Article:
Like fireworks exploding in the night sky, the news spread on…
In 2011, I began the distracted driving conversation here as part of National Distracted Driving Awareness month. At that time, President Obama had signed an executive order on the matter and 31 states, including D.C. and Guam, had introduced legislation or adopted laws on distracted driving. So what has changed in that time?
Today, 39 states, the District of Columbia, and Guam ban text messaging for all drivers. Twelve of these laws were enacted in 2010, with a flurry of state-level activity coming in 2011 and 2012.
The challenge is that new research from NHTSA tells us that the percentage of drivers who are visibly text-messaging or using a hand-held device is on the rise. The number increased significantly for a second year in a row, from 0.9 percent in 2010 to 1.3 percent in 2011. Driver hand-held cell phone use stood at 5 percent in 2011. Overall, that’s a 44 percent increase.
Are distracted driving laws effective?
Honestly, this is a question to be asked in 10 or 20 years from now. To-date, 39 states and territories have passed bans on texting while driving. An additional ten states also prohibit all handheld cell phone use while driving. The District of Columbia, Puerto Rico, Guam and the Virgin Islands)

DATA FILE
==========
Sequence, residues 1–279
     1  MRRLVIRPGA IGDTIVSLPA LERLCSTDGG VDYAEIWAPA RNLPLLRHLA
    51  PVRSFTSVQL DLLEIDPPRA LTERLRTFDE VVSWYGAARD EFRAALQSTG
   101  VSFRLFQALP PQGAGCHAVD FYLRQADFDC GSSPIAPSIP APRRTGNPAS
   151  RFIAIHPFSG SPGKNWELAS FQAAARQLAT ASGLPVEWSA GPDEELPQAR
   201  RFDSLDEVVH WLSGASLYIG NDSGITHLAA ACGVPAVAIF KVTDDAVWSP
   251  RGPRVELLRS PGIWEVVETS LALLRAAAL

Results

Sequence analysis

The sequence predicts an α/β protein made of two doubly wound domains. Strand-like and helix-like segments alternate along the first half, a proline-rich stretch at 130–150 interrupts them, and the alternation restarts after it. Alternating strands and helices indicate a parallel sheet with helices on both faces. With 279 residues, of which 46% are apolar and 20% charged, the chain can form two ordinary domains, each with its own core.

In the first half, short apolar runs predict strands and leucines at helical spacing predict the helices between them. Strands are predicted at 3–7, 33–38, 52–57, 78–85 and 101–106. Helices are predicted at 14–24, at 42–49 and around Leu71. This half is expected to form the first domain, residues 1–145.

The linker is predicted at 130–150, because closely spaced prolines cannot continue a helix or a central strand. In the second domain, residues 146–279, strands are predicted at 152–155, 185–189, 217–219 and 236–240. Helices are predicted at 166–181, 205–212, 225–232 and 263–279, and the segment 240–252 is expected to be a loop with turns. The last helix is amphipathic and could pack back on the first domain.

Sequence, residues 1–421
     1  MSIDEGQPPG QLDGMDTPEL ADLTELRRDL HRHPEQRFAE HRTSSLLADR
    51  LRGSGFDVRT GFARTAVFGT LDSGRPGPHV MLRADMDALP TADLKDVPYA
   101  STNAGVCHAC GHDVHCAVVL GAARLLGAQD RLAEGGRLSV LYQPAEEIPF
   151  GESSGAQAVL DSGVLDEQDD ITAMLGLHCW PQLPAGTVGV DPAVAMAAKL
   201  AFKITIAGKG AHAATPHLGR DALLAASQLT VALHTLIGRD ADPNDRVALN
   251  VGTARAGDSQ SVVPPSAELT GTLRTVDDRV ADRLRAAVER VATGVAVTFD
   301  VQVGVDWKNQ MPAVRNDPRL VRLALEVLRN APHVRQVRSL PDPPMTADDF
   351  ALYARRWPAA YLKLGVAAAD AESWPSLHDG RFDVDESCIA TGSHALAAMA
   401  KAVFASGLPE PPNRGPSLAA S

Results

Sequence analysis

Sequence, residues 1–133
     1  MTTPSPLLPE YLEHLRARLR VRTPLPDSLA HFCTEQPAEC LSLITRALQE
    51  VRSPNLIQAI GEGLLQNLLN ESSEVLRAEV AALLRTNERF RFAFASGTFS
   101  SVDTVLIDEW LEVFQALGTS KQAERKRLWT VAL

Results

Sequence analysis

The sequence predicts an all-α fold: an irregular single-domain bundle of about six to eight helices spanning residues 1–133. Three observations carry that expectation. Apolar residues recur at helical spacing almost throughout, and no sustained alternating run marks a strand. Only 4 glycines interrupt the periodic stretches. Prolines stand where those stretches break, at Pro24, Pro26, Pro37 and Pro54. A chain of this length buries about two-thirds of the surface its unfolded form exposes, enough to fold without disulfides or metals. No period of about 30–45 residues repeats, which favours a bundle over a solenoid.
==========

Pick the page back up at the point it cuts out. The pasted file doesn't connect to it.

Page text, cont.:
I believe that state-by-state laws are a great start; however, I think that many could be strengthened so that enforcement is easier. For example, I think all texting bans should be primary law, meaning police can actively pull you over if they catch you texting and driving. Usually there is a fine of some sort associated with this, but some states only have a $25 fine, not likely enough to persuade someone not to do it again.
If your friends got a $500 ticket for using a handheld device while driving, wouldn’t you think twice about doing it?
D.C. commuters need to know the laws in the DMV area
In the Washington, D.C. metropolitan area, we are driving everywhere across the DMV region. Commuters need to be aware of the laws for the District, Maryland and Virginia – and they should follow them if they don’t want to suffer the consequences.
- The District bans handheld device usage for all drivers as a primary law. You can and will be pulled over for using your mobile phone. Buses are a main form of transportation for commuters in and around D.C., and thankfully, there is a ban on all cell phone use for bus drivers. D.C. also has a primary law in place that prohibits any driver from texting and driving.
- Maryland bans handheld use for all drivers and all cell phone use – handheld or hands-free – for novice drivers (both secondary offenses). The state, however, has a no tolerance policy for texting and driving as it is a primary law for everyone behind the wheel.
- Virginia prohibits cell phone use for bus drivers (primary offense) and novice drivers (secondary offense). Texting and driving is also banned for all drivers, but is a secondary law for everyone but school bus drivers. Primary laws mean that drivers can be pulled over specifically for noncompliance, while secondary laws mean you can only be ticketed if pulled over for a different traffic violation and it’s discovered that you are not abiding by the law.
What do you think? Do you know the distracted driving laws in your state? Are you abiding by them?
Editor’s Note: This post is part of the Distraction Free Fridays (#DFF) campaign. Help us encourage others to ‘put the device aside and focus on the drive.’